Rugby or football? ISOLDE reveals shape-shifting character of Mercury isotopes
An unprecedented combination of experimental nuclear physics and theoretical and computational modelling techniques has been brought together to reveal the full extent of the odd-even shape staggering of exotic mercury isotopes, and explain how it happens. The result, from an international team at the ISOLDE nuclear physics facility at CERN1, published today in Nature Physics, demonstrates and explains a phenomenon unique to mercury isotopes where the shape of the atomic nuclei dramatically moves between a football and rugby ball.
Isotopes are forms of an element that contain the same number of protons in their nuclei but different numbers of neutrons. The properties of different isotopes can be exploited in a variety of ways including archaeological and historical dating (Carbon 14) and medical diagnostics. Stable isotopes have an optimal ratio of protons to neutrons. However, as the number of neutrons decreases or increases, structural changes to the nucleus are required and the isotope typically becomes unstable. This means it will spontaneously transform itself towards a stable isotope of another element through radioactive decay. Isotopes with extreme neutron to proton ratios are typically very short-lived, making them difficult to produce and study in the laboratory. ISOLDE is the only place in the world that can study such a wide range of exotic isotopes.
One of the earliest experiments in the ISOLDE facility observed dramatic nuclear shape staggering in the chain of mercury isotopes for the first time. That more than 40 year old result showed that although most of the isotopes with neutron numbers between 96 and 136 have spherical nuclei, those with 101, 103 and 105 neutrons have strongly elongated nuclei, the shape of rugby balls. That discovery has remained one of ISOLDE's flagship results, but it was so dramatic that it was difficult to believe.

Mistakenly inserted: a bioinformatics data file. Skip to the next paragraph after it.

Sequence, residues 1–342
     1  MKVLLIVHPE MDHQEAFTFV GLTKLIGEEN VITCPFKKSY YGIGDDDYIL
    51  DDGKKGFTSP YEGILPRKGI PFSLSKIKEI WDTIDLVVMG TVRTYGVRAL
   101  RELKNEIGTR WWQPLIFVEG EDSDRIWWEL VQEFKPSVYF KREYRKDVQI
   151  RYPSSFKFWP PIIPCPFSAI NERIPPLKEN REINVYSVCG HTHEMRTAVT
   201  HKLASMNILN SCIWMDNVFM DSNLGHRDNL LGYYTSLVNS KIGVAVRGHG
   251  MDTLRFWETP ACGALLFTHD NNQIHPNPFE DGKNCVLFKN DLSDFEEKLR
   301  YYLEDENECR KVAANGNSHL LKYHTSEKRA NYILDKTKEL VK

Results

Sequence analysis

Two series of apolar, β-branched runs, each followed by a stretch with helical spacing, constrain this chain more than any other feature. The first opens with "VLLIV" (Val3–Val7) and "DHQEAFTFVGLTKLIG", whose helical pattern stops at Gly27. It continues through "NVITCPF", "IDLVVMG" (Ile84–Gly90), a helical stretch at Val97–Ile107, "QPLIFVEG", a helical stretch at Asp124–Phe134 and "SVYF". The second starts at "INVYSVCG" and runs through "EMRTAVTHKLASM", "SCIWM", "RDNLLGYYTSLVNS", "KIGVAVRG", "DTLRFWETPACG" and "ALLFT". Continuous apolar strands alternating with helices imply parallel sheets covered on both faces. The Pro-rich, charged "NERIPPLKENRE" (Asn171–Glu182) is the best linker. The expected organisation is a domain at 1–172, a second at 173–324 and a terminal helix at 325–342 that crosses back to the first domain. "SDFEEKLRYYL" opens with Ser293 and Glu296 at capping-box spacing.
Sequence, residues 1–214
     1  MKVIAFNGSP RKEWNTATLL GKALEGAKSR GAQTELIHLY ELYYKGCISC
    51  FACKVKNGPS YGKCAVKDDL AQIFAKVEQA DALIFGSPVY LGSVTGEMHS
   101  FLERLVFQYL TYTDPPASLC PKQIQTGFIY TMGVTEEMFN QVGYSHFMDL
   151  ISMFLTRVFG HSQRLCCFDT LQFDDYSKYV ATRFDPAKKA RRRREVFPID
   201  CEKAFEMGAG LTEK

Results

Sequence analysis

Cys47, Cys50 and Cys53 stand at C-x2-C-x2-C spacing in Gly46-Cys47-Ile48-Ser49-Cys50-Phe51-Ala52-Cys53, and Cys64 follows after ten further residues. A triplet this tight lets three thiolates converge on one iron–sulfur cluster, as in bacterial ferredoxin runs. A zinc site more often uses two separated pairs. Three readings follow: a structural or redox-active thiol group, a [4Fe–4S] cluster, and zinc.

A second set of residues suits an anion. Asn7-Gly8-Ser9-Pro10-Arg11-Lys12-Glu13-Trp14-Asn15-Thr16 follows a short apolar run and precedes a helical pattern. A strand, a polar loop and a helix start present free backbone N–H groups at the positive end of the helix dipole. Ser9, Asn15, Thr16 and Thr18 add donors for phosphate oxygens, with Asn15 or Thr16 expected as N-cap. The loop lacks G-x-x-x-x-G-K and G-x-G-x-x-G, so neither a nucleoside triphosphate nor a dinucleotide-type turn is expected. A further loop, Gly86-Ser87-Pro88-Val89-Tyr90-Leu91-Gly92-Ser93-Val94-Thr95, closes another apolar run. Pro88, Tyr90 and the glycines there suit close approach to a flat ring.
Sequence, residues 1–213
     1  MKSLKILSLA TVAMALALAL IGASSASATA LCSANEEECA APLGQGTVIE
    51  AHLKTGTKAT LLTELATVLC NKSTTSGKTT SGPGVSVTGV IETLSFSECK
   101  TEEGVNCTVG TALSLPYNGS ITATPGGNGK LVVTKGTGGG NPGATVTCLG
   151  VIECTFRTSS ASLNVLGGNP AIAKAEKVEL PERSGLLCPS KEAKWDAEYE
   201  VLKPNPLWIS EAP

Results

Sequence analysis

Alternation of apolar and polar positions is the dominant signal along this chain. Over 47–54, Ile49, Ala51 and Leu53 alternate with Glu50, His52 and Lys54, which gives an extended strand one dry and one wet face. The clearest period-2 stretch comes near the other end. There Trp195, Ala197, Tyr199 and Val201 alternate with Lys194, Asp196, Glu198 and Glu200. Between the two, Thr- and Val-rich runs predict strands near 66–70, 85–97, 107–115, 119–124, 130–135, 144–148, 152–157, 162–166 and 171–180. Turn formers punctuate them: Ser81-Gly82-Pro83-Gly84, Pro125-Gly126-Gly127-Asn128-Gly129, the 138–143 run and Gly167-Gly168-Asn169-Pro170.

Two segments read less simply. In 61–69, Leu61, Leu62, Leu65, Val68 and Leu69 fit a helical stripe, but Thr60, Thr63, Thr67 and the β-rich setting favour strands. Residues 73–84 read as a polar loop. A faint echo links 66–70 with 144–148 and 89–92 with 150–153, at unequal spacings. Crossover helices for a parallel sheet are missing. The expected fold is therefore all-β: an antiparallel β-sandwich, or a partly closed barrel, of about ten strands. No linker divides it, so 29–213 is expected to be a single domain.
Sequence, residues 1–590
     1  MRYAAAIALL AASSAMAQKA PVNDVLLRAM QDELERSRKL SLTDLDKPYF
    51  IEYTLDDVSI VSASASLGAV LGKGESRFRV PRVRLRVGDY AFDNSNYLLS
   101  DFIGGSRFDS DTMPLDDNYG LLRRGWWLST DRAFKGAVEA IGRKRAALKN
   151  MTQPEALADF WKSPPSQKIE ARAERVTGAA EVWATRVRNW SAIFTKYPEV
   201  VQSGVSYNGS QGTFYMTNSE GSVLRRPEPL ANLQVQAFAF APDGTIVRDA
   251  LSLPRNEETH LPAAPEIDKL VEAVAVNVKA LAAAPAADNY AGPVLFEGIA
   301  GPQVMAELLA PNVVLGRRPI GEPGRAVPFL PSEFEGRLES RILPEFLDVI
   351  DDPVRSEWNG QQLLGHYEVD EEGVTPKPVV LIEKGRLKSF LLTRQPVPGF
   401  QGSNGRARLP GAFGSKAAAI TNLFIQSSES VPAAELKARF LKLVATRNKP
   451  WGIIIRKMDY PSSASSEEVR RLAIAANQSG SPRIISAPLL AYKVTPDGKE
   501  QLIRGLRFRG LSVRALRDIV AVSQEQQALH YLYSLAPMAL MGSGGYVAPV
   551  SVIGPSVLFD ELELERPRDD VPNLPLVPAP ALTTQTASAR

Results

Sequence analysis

In this new result, the experimental team used laser ionisation spectroscopy, mass spectrometry and nuclear spectroscopy techniques to take a closer look at how, why and when these quantum phase transitions take place. Not only did the team reproduce the results of the historic experiment (observing isotopes up to Mercury 181), by producing and studying four additional exotic isotopes (177- 180), it also discovered the point at which the shape staggering ceases and mercury isotopes return to normal isotope behaviour. Several theories had tried to describe what was happening, but none was able to provide a full explanation.
These experimental observations were in themselves outstanding, but the collaboration wanted to conclude the story by explaining the shape staggering effect theoretically. Using one of the world's most powerful supercomputers, theorists in Japan performed the most ambitious nuclear shell model calculations to date.
These calculations identified the microscopic components that drive the shape shifting; specifically, that four protons are excited beyond a level predicted by expectations of how other stable isotopes in the nuclear landscape behave. These four protons combine with eight neutrons and this drives the shift to the elongated nuclear shape. In fact, both nuclear shapes are possible for each mercury isotope, depending on whether it is in the ground or excited state, but most have a football shaped nucleus in their ground state. The surprise is that Nature chooses the elongated rugby ball shape as the ground state for three of the isotopes.
"Ingenuity and innovation are characteristics of the ISOLDE community and the generation and measurement of the suite of mercury isotopes is a particularly beautiful example," said Eckhard Elsen, CERN's Director for Research and Computing. "I am even more impressed that the theoretical explanation of the puzzling behaviour using supercomputer modelling was provided at the same time."
B. A. Marsh et al. Characterization of the shape-staggering effect in mercury nuclei, Nature Physics (2018). doi.org/10.1038/s41567-018-0292-8